However, this isn't the case with MRuby. That's because it's implemented after an International Standard Organization (ISO) specification.

The actual ISO itself is defined from MRI version 1.8.7 but MRuby implements 1.9 compatible syntax, (paraphrasing matz here).

It's still Ruby

You see, MRuby was also designed by Matz to be an embeddable implementation of Ruby. His goal is to put Ruby everywhere, in today's world of the Internet of Things.

What I mean when I say "mruby is still Ruby" is.. it still implements all of the language features that also exist in MRI version 1.9.

So you're free to use lambdas or procs, write elegant Ruby code using blocks and iterators that we all know and love.

As well, you can monkey patch thanks to the same open classes as MRI.

Because it's still Ruby.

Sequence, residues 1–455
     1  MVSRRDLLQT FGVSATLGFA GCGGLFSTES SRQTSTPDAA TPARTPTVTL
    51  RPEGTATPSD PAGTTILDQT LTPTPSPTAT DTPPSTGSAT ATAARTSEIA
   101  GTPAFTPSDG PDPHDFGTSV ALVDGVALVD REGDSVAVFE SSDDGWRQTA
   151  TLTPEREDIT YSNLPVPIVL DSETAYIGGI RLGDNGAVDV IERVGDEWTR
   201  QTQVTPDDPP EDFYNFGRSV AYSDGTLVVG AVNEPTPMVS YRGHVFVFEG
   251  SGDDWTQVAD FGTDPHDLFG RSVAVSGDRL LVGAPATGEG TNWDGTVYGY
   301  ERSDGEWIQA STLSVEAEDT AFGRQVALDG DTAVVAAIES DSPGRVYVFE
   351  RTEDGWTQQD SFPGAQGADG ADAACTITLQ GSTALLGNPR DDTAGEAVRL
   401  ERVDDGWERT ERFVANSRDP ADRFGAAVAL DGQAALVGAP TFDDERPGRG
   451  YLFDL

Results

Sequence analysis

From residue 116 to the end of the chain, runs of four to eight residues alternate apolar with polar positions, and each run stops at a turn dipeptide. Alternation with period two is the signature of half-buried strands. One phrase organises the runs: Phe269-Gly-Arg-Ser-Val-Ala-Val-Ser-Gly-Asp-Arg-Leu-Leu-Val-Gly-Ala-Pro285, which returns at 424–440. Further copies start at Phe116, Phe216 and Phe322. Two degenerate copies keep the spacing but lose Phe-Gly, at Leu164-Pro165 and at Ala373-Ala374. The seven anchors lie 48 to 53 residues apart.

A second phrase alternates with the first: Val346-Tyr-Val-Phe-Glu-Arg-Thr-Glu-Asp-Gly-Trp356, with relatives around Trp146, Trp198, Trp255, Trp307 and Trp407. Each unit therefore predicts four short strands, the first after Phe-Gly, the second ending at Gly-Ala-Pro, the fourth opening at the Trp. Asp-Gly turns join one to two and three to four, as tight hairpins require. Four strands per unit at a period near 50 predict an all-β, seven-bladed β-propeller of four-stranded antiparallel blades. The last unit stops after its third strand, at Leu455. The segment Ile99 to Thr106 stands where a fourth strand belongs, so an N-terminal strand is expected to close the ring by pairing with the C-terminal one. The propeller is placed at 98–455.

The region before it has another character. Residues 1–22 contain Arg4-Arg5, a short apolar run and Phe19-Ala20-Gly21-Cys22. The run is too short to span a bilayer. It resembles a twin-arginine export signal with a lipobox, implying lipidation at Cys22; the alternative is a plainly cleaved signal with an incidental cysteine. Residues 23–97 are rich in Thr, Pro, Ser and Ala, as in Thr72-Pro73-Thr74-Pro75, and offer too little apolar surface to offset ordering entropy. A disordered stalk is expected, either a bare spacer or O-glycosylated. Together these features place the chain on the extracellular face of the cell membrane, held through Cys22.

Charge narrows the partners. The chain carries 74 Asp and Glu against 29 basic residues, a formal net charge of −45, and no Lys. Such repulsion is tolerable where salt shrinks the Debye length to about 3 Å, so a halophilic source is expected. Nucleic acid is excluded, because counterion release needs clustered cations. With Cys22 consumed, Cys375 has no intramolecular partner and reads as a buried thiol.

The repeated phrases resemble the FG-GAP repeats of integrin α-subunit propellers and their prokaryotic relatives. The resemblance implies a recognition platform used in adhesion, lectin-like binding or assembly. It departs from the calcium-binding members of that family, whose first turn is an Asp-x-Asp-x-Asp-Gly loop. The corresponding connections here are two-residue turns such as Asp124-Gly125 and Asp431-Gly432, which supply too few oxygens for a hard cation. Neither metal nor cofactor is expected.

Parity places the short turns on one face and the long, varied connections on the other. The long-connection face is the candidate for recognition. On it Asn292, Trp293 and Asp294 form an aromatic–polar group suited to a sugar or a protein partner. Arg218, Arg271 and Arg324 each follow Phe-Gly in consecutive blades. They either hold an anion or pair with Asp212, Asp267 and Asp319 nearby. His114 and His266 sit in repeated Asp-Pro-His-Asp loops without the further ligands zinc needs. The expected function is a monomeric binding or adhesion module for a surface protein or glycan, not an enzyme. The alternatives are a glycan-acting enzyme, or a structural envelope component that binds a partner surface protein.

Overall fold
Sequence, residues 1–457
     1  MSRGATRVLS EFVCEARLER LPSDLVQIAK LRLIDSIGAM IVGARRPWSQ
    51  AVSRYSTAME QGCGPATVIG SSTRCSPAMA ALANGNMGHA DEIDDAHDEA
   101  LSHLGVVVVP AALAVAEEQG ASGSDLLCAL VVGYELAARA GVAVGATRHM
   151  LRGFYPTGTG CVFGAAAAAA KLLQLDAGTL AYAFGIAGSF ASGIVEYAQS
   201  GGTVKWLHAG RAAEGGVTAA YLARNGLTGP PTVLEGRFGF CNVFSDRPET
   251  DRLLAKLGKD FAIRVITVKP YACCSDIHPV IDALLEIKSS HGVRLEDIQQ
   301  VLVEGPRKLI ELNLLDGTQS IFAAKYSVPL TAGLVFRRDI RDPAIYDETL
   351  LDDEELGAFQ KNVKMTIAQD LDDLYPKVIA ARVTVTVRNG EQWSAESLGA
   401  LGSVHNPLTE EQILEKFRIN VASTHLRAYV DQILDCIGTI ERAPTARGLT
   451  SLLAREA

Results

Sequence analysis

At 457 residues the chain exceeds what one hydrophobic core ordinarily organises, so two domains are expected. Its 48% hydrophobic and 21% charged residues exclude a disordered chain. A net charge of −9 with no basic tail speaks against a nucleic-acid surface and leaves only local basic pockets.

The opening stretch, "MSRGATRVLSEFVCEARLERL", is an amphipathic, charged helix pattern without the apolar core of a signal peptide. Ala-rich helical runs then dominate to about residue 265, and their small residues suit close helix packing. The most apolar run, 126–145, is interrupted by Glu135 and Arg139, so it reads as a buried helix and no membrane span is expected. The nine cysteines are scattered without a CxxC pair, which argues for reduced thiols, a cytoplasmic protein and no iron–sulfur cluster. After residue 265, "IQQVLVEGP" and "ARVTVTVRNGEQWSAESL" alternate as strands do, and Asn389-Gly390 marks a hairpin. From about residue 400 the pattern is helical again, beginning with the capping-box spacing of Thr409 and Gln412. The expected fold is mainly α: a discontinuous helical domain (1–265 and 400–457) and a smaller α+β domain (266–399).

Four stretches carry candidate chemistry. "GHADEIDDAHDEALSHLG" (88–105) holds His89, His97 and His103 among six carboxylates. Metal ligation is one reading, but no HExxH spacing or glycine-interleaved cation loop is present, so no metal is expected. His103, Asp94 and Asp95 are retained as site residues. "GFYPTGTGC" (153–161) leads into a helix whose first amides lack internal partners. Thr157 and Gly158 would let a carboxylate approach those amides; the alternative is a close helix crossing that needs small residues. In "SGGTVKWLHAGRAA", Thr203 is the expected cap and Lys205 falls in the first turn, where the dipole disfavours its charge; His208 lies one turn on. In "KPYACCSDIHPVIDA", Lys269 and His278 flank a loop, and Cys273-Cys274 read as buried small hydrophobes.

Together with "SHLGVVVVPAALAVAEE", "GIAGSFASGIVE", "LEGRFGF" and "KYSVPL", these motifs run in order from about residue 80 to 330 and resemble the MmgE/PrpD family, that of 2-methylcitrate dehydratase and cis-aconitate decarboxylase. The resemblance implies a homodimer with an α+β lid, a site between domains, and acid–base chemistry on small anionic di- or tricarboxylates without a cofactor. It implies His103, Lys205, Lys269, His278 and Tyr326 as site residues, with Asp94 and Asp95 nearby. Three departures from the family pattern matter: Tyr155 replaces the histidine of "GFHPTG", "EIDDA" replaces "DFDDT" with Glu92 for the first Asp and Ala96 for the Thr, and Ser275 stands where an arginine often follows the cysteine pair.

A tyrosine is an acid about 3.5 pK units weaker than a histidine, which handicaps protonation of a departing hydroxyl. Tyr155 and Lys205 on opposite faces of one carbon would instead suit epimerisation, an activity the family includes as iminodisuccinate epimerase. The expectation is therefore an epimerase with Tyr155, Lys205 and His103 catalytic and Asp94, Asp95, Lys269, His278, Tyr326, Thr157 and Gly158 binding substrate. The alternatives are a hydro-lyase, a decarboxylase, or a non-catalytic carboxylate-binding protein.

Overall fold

From the ground up

That's because matz designed mruby from the ground up after having created Ruby more than 20 years earlier.

When Ruby was originally released, matz was my age.. he was but a padawan learner.

We should give him credit for everything he's experienced in the lifetime of Ruby. It has taught him more about language design and dealing with users demands than most of us ever have.

This means he can apply this experience when developing mruby.

For the last few years, matz has been acting BDFL of Ruby.. However, the mruby project is his love child. He is actively committing bug fixes and merging pull requests.

This means working on mruby is a chance to collaborate with someone of great knowledge of the force.. and languages.

Small at it's core

In order to keep mruby small, much of the standard libraries we use in Ruby are left out of core.

This means File, IO, Socket are all missing from the core libraries of mruby.

Initially the core was designed to implement the ISO specification, but everything outside the ISO is implemented as an extension or library.